IVF pioneer’s Nobel Prize Medal could fetch £800,000 at auction

The Nobel Prize Medal awarded to the pioneer of IVF just three years before he died could fetch £800,000 at auction.

British scientist Sir Robert Edwards developed, with his colleagues, the procedure through which eight million babies have now been born.

He was presented with the 18-carat green gold medal in 2010 and it is now being sold at auction house Christie’s by his descendants.

They said: “Our father was delighted to be awarded the Nobel Prize recognising his team’s research work over many years, which by then had helped millions of couples throughout the world overcome the burden of infertility.”

Sir Robert Edwards, with Louise Brown, who was the first test tube baby
Sir Robert Edwards with Louise Brown, who was the first test tube baby (Chris Radburn/PA)

The first IVF baby – Louise Brown – was born on July 25 1978 following a “20-year slog” to develop the procedure, amid criticism of the technique.

On Sir Robert’s death, aged 87, in 2013, Brown led the tributes, saying he had brought “happiness and joy” to millions.

Sir Robert realised as early as 1958 that fertilisation outside of the body might be used to help treat infertility.

But he and his collaborators, Patrick Steptoe and Jean Purdy, faced an uphill battle, with severe criticism from religious leaders, ethicists and the medical establishment as well as some of the public.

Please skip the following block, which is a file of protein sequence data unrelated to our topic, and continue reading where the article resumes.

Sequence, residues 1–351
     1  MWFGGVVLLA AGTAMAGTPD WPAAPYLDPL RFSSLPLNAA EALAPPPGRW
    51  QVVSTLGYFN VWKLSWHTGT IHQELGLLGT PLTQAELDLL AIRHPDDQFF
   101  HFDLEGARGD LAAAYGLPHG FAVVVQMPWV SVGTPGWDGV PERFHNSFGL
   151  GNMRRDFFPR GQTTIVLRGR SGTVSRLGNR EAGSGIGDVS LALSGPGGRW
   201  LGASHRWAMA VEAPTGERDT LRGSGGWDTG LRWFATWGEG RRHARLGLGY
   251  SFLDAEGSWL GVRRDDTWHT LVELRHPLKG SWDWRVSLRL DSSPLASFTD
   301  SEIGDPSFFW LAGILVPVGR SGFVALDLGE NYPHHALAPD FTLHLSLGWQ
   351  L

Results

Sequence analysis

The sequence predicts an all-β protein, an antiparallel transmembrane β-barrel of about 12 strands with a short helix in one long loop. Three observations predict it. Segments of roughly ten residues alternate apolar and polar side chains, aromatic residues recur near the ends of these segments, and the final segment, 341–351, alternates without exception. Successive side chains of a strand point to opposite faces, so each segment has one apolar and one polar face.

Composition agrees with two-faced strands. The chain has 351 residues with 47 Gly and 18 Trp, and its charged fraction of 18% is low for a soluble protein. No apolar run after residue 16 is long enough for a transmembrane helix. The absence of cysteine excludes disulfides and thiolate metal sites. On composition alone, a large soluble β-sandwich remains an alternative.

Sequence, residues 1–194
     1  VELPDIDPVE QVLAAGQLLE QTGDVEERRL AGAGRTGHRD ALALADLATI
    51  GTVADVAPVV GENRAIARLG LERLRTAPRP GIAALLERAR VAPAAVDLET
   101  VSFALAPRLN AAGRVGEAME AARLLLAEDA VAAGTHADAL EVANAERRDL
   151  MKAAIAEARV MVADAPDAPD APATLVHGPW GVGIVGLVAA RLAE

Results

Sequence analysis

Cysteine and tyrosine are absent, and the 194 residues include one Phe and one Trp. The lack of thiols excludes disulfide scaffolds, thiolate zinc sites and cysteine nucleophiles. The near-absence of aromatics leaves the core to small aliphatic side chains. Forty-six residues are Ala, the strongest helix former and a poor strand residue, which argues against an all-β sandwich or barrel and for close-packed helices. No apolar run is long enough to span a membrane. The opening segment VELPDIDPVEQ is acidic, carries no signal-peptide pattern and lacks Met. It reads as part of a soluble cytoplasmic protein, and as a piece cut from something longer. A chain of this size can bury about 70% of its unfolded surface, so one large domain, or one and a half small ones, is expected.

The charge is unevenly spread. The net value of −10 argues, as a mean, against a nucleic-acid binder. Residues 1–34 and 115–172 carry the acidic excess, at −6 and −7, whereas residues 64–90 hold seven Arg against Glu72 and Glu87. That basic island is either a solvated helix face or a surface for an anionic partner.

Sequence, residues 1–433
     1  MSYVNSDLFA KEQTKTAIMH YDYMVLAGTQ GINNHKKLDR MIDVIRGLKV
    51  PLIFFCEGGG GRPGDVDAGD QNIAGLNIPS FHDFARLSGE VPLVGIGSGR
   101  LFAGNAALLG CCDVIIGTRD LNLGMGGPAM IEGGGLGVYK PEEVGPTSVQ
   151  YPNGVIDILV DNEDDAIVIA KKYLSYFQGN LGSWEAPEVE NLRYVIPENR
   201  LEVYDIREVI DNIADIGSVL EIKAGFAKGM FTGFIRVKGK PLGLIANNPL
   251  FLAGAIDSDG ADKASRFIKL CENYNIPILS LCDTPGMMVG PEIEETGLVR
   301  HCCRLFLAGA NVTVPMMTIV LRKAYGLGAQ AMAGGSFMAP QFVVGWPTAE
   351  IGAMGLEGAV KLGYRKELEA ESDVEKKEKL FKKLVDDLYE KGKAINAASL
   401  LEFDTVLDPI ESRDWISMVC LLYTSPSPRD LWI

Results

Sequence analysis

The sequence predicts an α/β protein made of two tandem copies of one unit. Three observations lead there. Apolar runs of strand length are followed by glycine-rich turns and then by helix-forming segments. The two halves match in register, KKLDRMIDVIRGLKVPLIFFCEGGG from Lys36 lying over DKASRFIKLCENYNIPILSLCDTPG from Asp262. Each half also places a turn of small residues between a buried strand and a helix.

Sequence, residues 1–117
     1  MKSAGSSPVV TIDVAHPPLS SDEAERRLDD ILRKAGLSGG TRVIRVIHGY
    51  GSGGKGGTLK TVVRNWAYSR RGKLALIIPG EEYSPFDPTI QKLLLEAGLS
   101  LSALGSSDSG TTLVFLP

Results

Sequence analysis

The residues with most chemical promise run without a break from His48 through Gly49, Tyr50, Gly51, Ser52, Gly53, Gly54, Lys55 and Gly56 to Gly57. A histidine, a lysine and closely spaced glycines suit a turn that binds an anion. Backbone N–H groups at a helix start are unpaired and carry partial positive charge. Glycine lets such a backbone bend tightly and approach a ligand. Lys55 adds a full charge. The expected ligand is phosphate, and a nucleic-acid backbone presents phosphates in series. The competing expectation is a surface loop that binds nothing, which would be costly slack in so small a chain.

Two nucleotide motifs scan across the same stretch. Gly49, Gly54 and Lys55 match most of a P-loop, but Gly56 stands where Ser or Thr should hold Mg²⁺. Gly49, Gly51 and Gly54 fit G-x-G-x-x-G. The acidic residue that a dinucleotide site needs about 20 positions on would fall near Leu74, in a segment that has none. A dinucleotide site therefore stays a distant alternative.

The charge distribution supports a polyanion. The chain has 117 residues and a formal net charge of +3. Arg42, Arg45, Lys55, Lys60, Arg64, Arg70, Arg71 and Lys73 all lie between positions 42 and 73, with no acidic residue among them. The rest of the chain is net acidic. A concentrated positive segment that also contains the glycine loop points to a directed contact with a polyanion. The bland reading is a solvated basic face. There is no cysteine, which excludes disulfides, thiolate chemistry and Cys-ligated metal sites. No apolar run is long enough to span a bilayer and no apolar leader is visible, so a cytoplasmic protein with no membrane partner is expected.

In 1974, he came close to giving up his work but was persuaded to continue by Purdy, as well as the letters he received from couples struggling to conceive.

Christie’s specialist Sophie Hopkins told the PA news agency: “This, for Robert Edwards, was a 20-year slog ending in what must have seemed an almost miraculous birth of Louise Brown…

“A huge number of things ranged against him, from Conservative public opinion to religious leaders who spoke out against the development of IVF.

“There was a relative lack of support from the British medical establishment”.

The medal is expected to fetch £800,000 (Christie’s)

But Sir Robert had the “tenacity and determination to overcome all the difficulties, all the criticism”, and the medal is “testament to an amazing, very modest, but massively determined man”.

Private funding from a US heiress allowed the trio to continue their work.

After the birth of Brown, dubbed the first “test tube baby”, procedures followed in Australia and the US, and then around the world.

Edwards, Steptoe and Purdy later founded Bourn Hall Clinic in Cambridgeshire, where they continued to refine IVF technology and train specialists in the new field of medicine.

By 1987, 1,000 babies had been born following IVF treatment at the clinic, around half of all children born through IVF worldwide at the time.

Sir Robert was the sole recipient of the Nobel Prize in Physiology or Medicine, as his two collaborators has died when it was presented.

The auction record for a Nobel Prize Medal was smashed in 2014, with £4.8 million for James Watson’s medal for decoding DNA.

The medal will be offered in Christie’s upcoming Eureka! Scientific Breakthroughs Of The 20th Century online sale, running from June 24 to July 16.

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